North of Kale Hollow, the Cacapon River is joined to its west by Dillons Mountain (1913 feet/583 m). To its east, the river is paralleled by Christian Church Road (West Virginia Secondary Route 13), on which is located the 18th century Capon Chapel. After its confluence with Mill Branch, the Cacapon River bends through the small historic town of Capon Bridge. It is met by Dillons Run from its west and traversed by a bridge of the Northwestern Turnpike (U.S. Route 50), from which Capon Bridge takes its name. From Capon Bridge, the Cacapon River is bounded to its east by Bear Garden Mountain (1572 feet/479 m). It is then joined by Edwards Run and Cold Stream near the community of Cold Stream.

Cold Stream to Largent[edit]

The river meanders north around Darbys Nose (1287 feet/392 m), flanked to its east by Leith Mountain (1598 feet/487 m). The stretch of the Cacapon River between Cold Stream and Forks of Cacapon is mountainous and forested with little development. It meanders through a series of mountain ridges, one of which, Castle Mountain (1260 feet/384 m), sits the Caudy's Castle rock outcrop. Bloomery Pike (West Virginia Route 127) passes over the river where it is met by Bloomery Run east of Forks of Cacapon. North of Bloomery Pike lies the actual "Forks of Cacapon" where the Cacapon and North Rivers converge. From Forks of Cacapon to Largent, the river creates a number of horseshoe bends between Sideling Hill (2021 feet/616 m) and Little Mountain (1429 feet/435 m). This stretch of the Cacapon River is also mostly undeveloped and forested with the exception of a gated community, The Crossings, located between the WV 127 bridge and Largent.

Largent to Great Cacapon[edit]

The Cacapon River meanders into Morgan County at Largent where Cacapon Road (West Virginia Route 9) passes over it and the river is met by Stony Creek. It continues its meandering course northeast between Sideling Hill and Little Mountain until Fisher's Bridge where it is joined to its east by the western flanks of Cacapon Mountain. Tonoloway Ridge (992 feet/302 m) then bounds the Cacapon River to its west until it reaches the railroad hamlet of Great Cacapon. After passing under the WV 9 and old Baltimore and Ohio Railroad bridges, the Cacapon River joins the Potomac.


Capapon River, at Timber Ridge Camp.
Capapon River, at Timber Ridge Camp.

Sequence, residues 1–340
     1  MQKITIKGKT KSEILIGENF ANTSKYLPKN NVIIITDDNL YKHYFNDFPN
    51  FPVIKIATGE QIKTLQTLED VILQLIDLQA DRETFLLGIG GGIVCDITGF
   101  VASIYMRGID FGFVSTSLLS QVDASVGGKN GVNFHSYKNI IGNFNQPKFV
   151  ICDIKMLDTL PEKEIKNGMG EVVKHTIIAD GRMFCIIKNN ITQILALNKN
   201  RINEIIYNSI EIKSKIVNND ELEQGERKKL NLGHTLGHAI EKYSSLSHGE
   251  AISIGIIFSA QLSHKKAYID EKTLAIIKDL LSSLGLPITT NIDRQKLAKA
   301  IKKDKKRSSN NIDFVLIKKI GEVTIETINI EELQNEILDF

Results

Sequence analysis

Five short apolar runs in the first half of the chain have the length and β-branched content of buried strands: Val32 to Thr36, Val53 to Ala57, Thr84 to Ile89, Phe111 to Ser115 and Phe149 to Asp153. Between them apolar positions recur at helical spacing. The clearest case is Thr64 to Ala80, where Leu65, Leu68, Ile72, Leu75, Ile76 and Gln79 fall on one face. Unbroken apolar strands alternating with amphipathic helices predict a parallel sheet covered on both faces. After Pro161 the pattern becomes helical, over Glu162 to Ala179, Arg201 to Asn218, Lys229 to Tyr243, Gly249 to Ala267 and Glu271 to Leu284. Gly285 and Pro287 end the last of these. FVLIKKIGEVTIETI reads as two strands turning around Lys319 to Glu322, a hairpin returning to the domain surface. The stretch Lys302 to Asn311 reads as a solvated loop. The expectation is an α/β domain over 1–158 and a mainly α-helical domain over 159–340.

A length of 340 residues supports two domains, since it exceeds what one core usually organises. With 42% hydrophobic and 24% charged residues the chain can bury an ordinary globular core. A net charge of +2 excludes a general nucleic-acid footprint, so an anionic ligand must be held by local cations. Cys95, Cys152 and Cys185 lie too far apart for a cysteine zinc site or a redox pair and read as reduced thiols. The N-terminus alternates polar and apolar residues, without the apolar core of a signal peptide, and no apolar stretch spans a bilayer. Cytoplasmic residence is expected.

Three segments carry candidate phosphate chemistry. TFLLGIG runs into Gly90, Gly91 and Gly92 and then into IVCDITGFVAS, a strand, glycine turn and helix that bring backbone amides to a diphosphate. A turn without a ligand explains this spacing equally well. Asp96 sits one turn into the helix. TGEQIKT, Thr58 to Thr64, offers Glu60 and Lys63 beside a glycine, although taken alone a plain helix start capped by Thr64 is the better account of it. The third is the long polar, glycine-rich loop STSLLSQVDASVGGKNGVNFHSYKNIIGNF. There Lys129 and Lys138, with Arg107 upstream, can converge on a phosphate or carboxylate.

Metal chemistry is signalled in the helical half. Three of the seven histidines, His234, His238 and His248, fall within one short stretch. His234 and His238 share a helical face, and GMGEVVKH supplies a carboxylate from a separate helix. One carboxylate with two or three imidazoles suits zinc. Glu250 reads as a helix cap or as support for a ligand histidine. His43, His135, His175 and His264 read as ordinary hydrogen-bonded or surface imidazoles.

Variants of "Cacapon"[edit]

The Board on Geographic Names decided on "Cacapon River" in 1916 as the river's official name and spelling.

  • Big Capon River
  • Cacapehon Creek
  • Cacapehon River
  • Cacapon Creek
  • Cacapon River
  • Cackapehon River
  • Cackapohon River
  • Capcappin Creek
  • Cape Capon River
  • Capecapon River
  • Capon River
  • Great Cacapehon River
  • Great Cacapon River
  • Great Capon River

Bridges[edit]

Bridge Route Location
Wardensville Bridge State Route 259 (WV 259) Wardensville
New Capon Lake Bridge Capon Springs Road (CR 16) Capon Lake
Whipple Truss Bridge Pedestrian Walkway Capon Lake
Kenneth Seldon Bridge State Route 259 (WV 259) Yellow Spring
Capon Bridge Northwestern Turnpike (US 50) Capon Bridge
Cacapon River Bridge Bloomery Pike (WV 127) Forks of Cacapon
Largent Bridge Cacapon Road (WV 9) Largent
Fisher's Bridge Cacapon Road (WV 9) North of Largent
Rockford Bridge Rockford Road (CR 7) Great Cacapon
Powerhouse Bridge Powerhouse Road (CR 9/12) Great Cacapon
Great Cacapon Bridge Cacapon Road (WV 9) Great Cacapon
Great Cacapon Railroad Bridge Baltimore & Ohio Railroad Great Cacapon

Float trips[edit]

All locations listed below are designated public access sites by the West Virginia Division of Natural Resources at their website. Access sites are listed from south to north.

Put In Take Out Stream Miles
Wardensville Bridge Capon Lake Bridge 8.5
Capon Lake Bridge Cold Stream 19 (Extremely Long Float)
Cold Stream WV Route 127 Bridge 7
WV Route 127 Bridge Cacapon Crossings 9
Cacapon Crossings Largent, South 6.7
Largent, South Power Plant 20 (Extremely Long Float)
Power Plant Great Cacapon WV Route 9 Bridge 1.8

Tributaries[edit]

Tributary streams are listed from south to north. Major tributaries are listed in bold.

List of cities and towns along the Cacapon River[edit]

See also[edit]

References[edit]

  1. ^ a b U.S. Geological Survey. National Hydrography Dataset high-resolution flowline data. The National Map, accessed August 15, 2011

Media related to Cacapon River at Wikimedia Commons